Talk:Chinese unification

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A section on HK and Macau[edit]

I propose a section "Pre-1997 HK", "1997-2047", and "Post-2047", to reflect the 50 years of "One country, two systems." My reasoning is that "Handover" was planned out 20 years ahead of 1997, and during the 50 year period, assimilation of customs territory, political systems, economic platforms, etc... is a step-by-step process, rather than one single event...You might also want to make a distinction between reunified in name only "ie. Hong Kong, China", but HK runs on a completely different governing and economic system than Mainland...and full scale reunification German style...

Whilst I can understand the rationale behind it, this is about reunifying the PRC and ROC. The One country, two systems has been adpoted by Hong Kong and Macau, also been proposed as a solution for the ROC/PRC refunication question, of which is mentioned, along with HK and Macau in the current proposals section. Hong Kong and Macau are SARs of the PRC, I'm not sure they need to be mentioned any more than they already are, though people are free to disagree, and I'm not sure how the 2047 and post-2047 would work, like 36 years into the future. --Tærkast (Communicate) 21:51, 20 February 2011 (UTC)

Why 'reunification'?[edit]

I don't understand why the article is called 'Chinese reunification'. The Chinese term is more neutral and just means 'unification', as far as I can judge that (not a native speaker here). Shouldn't the English title reflect that instead of interpreting it from the POV of the PRC? — Preceding unsigned comment added by 79.195.45.54 (talk) 18:51, 14 November 2011 (UTC)

Also, this sentence tries to explain the issue but I think it is misleading: "Many object to the term "reunification" as it implies that Taiwan is part of China" - it merely implies that Taiwan was a part of China. — Preceding unsigned comment added by 79.195.45.54 (talk) 18:57, 14 November 2011 (UTC)

"Reunification" does not imply that Taiwan was part of China - it implies that mainland China was part of the Republic of China.Royalcourtier (talk) 21:01, 13 October 2014 (UTC)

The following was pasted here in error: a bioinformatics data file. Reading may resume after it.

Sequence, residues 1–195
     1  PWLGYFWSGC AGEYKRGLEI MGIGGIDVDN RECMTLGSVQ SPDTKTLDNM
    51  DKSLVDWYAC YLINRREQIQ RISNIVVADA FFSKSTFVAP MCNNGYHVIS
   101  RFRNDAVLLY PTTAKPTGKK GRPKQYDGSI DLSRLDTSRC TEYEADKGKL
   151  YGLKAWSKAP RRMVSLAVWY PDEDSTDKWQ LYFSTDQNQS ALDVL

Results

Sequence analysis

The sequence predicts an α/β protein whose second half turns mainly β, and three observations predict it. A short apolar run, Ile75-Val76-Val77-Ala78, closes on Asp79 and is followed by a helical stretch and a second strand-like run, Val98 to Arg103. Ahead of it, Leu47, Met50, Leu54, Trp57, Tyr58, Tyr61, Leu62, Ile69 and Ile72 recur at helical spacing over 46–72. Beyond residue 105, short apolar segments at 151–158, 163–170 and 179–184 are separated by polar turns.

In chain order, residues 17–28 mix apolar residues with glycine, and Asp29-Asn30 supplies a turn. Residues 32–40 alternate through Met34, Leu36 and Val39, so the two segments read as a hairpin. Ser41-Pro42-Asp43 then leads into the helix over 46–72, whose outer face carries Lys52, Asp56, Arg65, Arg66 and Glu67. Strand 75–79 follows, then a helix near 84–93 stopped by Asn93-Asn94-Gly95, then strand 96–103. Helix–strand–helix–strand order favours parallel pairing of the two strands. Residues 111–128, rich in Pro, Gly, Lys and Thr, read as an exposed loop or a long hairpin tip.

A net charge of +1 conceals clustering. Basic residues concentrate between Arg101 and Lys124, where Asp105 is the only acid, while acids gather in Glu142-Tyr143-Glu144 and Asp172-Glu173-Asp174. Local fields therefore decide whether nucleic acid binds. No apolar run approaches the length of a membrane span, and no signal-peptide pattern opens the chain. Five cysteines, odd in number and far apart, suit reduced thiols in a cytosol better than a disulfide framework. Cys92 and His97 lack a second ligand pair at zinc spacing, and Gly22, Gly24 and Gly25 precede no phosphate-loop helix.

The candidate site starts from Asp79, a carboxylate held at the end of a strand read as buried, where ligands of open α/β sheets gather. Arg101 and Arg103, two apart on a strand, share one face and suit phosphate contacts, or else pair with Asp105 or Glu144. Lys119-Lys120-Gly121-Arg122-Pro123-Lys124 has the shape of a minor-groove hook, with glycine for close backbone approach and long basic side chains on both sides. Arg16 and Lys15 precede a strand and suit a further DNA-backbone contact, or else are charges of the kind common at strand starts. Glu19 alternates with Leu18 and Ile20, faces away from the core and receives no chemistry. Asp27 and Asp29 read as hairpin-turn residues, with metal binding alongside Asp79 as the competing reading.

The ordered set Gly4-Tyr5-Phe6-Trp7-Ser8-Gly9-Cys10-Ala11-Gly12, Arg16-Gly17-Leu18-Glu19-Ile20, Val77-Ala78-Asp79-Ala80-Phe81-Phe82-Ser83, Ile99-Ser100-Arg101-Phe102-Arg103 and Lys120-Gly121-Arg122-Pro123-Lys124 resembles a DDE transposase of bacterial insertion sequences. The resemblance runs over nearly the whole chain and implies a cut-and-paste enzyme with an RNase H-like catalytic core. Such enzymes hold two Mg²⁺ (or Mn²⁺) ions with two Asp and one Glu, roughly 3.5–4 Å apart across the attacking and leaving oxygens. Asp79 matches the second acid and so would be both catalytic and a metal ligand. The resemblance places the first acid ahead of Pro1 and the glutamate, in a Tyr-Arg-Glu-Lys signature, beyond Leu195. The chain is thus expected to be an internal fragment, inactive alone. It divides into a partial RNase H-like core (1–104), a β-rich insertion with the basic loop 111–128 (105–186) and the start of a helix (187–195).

Mongolia[edit]

The ROC still claims Mongolia, there is no discussion of this in the article. Charles Essie (talk) 16:46, 12 March 2013 (UTC)

The ROC doesn't still claim Mongolia. One may argue that the claim is in the ROC Constitution, but it doesn't list or define the national territories. Mistakefinder (talk) 07:19, 10 August 2014 (UTC)

Name of article --> Unification of China?[edit]

Why is the article named Cross-Strait Unification, when "Cross-Strait" is a term that is mostly used in the Chinese language context, and meaningful only for people of China and Taiwan themselves? Outside of that context for both parties, I believe the concept is just called "Chinese unification" or "Unification of China". Also I think "Unification of China" is better so it's clear we're talking about the political entities rather than culturally or the Chinese diaspora. It would be better that "Cross-Strait unification" be a redirect than article title, "Unification of China", with a hatnote for "Unification of China (disambiguation)". Mistakefinder (talk) 07:29, 10 August 2014 (UTC)

I went ahead with the move to "Chinese Unification" and created "Chinese unification (disambiguation). If anyone sees any issues with this, let me know. Mistakefinder (talk) 22:51, 10 August 2014 (UTC)
The move from "Chinese reunification" to "Cross-strait unification" was a partisan and undiscussed move by User:Uaat, and I was originally planning to move it back to "Chinese reunification" where it originally was located. If Uaat does not like the current title, he should start a WP:RM instead of making sudden controversial changes. The previous title had been in use for many years, and any proposed change needs proper consensus-building first. --benlisquareTCE 05:26, 11 August 2014 (UTC)
"Reunification" is a better term than "unification", German unification and German reunification are 2 different articles because they're completely different, "Chinese unification" would probably be better fit for the Qin dynasty unifying all of the Chinese nations into a single state.
Sincerely, --86.81.201.94 (talk) 21:33, 4 November 2015 (UTC)
There seems to have been a decision made on the naming without consensus here. I would vote for 'Chinese reunification' as @Benlisquare: noted, which seems to be the logical naming. Mountaincirque 10:57, 11 November 2015 (UTC)

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Reunification under ROC[edit]

There is no section on the third major option - reunification under the ROC. Why not? This was the policy of the ROC, and essentially the option supported by the UN, until after 1972?Royalcourtier (talk) 02:13, 30 May 2017 (UTC)